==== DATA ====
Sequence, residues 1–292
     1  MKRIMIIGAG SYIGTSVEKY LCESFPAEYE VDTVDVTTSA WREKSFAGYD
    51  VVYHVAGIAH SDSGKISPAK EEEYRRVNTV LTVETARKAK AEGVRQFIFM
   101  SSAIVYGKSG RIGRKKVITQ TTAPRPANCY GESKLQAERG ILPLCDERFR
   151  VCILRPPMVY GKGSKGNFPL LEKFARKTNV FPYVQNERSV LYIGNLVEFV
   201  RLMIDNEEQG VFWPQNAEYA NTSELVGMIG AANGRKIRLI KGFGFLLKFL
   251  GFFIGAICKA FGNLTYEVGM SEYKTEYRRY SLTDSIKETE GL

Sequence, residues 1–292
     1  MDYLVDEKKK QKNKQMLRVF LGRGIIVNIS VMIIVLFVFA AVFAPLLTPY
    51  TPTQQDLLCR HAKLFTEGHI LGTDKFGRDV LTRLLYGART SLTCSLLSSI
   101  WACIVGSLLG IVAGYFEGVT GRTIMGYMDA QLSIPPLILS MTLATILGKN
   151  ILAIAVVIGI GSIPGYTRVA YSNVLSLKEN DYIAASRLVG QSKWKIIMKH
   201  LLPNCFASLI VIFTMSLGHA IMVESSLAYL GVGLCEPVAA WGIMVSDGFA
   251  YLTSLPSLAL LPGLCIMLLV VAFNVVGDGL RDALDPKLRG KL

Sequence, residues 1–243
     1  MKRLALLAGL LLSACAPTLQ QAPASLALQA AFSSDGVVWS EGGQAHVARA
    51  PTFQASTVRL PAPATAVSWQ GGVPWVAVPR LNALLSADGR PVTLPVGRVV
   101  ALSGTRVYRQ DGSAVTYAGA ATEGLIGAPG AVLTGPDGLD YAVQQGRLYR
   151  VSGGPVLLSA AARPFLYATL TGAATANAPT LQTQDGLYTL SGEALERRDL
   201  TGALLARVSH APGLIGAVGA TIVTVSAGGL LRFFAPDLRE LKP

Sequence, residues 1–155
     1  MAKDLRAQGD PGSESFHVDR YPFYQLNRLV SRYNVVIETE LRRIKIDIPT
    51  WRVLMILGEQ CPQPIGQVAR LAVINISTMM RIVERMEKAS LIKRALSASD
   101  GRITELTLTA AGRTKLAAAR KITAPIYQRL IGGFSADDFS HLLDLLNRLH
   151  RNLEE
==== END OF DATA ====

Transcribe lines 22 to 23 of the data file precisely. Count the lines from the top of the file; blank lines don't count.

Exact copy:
     1  MAKDLRAQGD PGSESFHVDR YPFYQLNRLV SRYNVVIETE LRRIKIDIPT
    51  WRVLMILGEQ CPQPIGQVAR LAVINISTMM RIVERMEKAS LIKRALSASD